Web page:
Teo Padnos esteve durante quase dois anos preso na Síria. Foi raptado por um grupo de amadores, aprisionado pelo Exército Livre Sírio e depois entregue à Frente al-Nusra. Foi torturado, espancado e, finalmente, libertado. Na revista do The New York Times, contou toda a história.
In the early morning hours of July 3, one of the two top commanders of Al Qaeda in Syria summoned me from my jail cell. For nearly two years, he had kept me locked in a series of prisons. That night, I was driven from a converted schoolroom outside the eastern city of Deir al-Zour, where I was being held, to an intersection of desert paths five minutes away. When I arrived, the commander got out of his Land Cruiser. Standing in the darkness amid a circle of men draped in Kalashnikovs, he smiled. “Do you know who I am?” he asked.
“Certainly,” I said. I knew him because he visited me in my cell once, about eight months earlier, and lectured me about the West’s crimes against Islam. Mostly, however, I knew him by reputation. As a high commander of the Nusra Front, the Syrian affiliate of Al Qaeda, he controlled the group’s cash and determined which buildings were blown up and which checkpoints attacked. He also decided which prisoners were executed and which were released.
He wanted to make sure I knew his name. I did, and I repeated it for him: Abu Mariya al-Qahtani. “You are our Man of Learning,” I added, using the term —sheikhna — that his soldiers used to refer to him.
“Good,” he said. “You know that ISIS has us surrounded?”
I did not know this.
He shrugged his shoulders. “Not to worry. They won’t get me. They won’t get you. Everywhere I go, you go. Understand?” I nodded.
We drove to a residential compound next to an oil field near the Euphrates. For the rest of the night, I watched as some 200 foot soldiers and 25 or so religious authorities and hangers-on from the Afghan jihad prepared for their journey.
There were bags of Syrian pounds to stuff into the cabs of Toyota Hiluxes, boxes of stolen M.R.E.s to load onto the truck beds and suitcases and water coolers to fit in beside them. And there was the weaponry: mortars, rockets, machine guns, feed bags filled with grenades and bullets, stacks of suicide belts.
By 4 in the morning, the packing was done. At dawn, the commander drove to the head of the column of Hiluxes and fired his handgun into the air. Within seconds we were gone, flying over the sand. There are roads in this part of Syria. We didn’t use them.
I was now 20 months into my life as a prisoner of the Nusra Front: the abrupt departures, the suicide belts, the mercurial behavior of the Man of Learning, the desert convoys, the way I might be shot or spared at any moment — this was my world. I was almost used to it.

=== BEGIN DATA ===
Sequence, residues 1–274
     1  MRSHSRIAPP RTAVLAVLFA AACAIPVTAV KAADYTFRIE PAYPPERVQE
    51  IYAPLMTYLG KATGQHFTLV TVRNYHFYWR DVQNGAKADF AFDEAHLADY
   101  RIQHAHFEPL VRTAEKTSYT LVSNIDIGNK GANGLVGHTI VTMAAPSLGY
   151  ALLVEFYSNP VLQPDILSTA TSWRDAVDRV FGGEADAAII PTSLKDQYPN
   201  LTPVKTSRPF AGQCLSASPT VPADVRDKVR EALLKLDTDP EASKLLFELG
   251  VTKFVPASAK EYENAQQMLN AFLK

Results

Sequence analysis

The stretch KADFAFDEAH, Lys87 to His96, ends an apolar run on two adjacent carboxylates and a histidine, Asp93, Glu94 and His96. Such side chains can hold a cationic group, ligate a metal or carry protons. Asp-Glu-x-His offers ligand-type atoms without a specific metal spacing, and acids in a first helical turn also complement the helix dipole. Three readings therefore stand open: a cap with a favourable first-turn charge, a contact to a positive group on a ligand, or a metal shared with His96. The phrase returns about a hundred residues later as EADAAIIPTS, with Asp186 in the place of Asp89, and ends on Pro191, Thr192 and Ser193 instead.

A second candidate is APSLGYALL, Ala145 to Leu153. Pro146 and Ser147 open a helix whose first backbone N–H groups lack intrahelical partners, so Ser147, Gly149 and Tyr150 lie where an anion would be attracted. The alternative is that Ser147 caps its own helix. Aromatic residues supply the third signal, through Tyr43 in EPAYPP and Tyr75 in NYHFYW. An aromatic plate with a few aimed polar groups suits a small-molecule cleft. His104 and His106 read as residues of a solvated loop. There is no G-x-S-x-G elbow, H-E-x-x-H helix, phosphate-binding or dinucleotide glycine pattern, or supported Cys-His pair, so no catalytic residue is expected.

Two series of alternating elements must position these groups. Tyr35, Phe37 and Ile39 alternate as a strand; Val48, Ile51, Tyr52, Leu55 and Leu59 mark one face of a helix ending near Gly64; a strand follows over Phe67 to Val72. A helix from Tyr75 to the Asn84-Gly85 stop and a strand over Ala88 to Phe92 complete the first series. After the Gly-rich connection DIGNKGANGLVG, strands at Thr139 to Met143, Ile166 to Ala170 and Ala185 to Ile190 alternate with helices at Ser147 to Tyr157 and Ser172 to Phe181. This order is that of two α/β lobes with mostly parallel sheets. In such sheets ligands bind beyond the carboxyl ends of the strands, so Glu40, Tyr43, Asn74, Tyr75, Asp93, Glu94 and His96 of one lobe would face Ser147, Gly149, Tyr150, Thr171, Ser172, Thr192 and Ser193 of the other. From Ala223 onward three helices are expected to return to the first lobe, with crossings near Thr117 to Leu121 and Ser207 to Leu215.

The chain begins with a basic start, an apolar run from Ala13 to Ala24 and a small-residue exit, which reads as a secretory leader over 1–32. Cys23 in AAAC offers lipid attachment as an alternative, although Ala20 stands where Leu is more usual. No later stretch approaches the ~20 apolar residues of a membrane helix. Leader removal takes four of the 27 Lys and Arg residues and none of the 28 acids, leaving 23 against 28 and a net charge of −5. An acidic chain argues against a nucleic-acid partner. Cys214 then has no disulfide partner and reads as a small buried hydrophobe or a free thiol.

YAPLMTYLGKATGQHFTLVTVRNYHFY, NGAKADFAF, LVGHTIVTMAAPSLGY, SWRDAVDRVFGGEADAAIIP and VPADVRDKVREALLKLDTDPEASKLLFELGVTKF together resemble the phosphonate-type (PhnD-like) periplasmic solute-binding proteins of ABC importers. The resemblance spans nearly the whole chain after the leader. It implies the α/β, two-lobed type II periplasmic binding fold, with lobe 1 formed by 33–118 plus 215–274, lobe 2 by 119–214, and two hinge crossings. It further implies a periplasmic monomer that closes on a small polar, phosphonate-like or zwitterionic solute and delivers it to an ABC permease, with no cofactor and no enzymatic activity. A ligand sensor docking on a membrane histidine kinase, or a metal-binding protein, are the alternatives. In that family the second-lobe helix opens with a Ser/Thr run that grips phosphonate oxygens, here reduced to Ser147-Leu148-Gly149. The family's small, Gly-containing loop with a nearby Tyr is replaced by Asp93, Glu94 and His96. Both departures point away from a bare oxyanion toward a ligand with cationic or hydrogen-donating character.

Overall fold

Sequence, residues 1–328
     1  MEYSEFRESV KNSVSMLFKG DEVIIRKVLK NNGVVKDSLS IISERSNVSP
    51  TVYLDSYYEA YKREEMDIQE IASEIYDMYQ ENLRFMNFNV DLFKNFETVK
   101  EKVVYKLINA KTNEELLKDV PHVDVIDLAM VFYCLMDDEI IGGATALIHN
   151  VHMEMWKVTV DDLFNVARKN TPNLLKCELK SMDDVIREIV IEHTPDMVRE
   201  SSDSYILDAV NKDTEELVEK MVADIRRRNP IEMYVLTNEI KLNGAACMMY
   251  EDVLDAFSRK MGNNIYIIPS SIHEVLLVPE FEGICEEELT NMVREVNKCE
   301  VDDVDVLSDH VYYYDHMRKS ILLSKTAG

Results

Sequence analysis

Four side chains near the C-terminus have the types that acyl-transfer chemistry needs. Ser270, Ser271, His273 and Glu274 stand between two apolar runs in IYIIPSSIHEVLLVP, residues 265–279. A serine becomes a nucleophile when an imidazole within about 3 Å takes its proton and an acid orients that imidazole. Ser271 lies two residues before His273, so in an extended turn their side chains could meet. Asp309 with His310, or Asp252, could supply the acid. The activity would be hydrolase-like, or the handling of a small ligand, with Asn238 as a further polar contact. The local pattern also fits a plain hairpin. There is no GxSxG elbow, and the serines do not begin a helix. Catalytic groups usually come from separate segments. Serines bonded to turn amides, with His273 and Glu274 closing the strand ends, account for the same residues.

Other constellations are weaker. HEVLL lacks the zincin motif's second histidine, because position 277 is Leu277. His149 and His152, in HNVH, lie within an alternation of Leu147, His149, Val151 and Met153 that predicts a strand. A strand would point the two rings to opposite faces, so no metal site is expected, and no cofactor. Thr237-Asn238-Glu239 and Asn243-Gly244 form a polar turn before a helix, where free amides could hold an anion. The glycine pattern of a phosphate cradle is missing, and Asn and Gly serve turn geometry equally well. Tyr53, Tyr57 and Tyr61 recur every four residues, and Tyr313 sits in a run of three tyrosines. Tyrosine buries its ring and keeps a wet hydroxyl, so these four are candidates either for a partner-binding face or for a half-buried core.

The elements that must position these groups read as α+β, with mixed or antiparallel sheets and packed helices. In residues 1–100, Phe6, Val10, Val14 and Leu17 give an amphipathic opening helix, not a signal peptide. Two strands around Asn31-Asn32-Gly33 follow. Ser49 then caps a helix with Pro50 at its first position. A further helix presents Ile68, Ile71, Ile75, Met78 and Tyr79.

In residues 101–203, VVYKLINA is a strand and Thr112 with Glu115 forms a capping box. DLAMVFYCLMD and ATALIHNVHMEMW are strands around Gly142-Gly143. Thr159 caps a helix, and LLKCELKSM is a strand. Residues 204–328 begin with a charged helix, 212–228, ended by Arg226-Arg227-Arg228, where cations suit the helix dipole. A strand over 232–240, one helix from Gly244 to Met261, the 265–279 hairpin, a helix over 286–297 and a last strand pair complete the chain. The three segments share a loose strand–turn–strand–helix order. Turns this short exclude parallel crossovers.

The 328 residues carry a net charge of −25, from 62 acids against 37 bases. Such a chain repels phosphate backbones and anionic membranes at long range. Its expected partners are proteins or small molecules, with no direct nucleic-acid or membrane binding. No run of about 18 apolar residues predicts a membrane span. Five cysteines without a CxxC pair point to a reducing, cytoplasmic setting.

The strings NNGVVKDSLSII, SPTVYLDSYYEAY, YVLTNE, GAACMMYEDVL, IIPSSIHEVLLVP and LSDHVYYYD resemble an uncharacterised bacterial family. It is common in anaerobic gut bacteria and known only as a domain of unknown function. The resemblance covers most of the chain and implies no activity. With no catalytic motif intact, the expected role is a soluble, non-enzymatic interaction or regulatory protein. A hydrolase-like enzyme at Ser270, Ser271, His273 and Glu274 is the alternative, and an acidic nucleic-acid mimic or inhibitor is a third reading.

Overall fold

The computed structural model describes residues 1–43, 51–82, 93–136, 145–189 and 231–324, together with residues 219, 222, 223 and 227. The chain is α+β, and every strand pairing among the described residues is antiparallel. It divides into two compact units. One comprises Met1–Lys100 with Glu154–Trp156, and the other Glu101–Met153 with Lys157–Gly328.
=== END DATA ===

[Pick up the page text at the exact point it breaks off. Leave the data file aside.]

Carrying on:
In October 2012, however, when I was first kidnapped, I used to sit in my cell — a former consulting room in the Children’s Hospital in Aleppo — in a state of unremitting terror. In those first days, my captors laughed as they beat me. Sometimes they pushed me to the floor, seized hold of a pant leg or the scruff of my jacket and dragged me down the hospital corridor. If someone seemed to take an interest in the scene, I would scream: “Sa’adni!” (“Help me!”) The onlookers would smirk. Sometimes they called out a mocking reply in English: “Ooo, helb me! Ooo, my God, helb me!”
Because there was no bathroom in my cell, I had to knock on the heavy wooden door when I needed the toilet. Often, the guards wouldn’t come for hours. When they did, they would bang on the door themselves. “Shut up, you animal!” they would say.
The cruelty of my captors frightened me, but my bitterest moments in those early weeks came when I thought about who was most responsible for my kidnapping: me.
I believed I knew my way around the Arab world. In 2004, when the United States was mired in the war in Iraq, I decided to embark on a private experiment. I moved from Vermont to Sana, the Yemeni capital, to study Arabic and Islam. I was good with languages — I had a Ph.D. in comparative literature — and I was eager to understand a world where the West often seemed to lose its way. I began my studies in a neighborhood mosque, then enrolled in a religious school popular among those who dream of a “back to the days of the prophet” version of Islam. Later, I moved to Syria to study at a religious academy in Damascus. I began to write a book about my time in Yemen — about the mosques and the reading circles that formed after prayer and the dangerous religious feeling that sometimes grew around them.”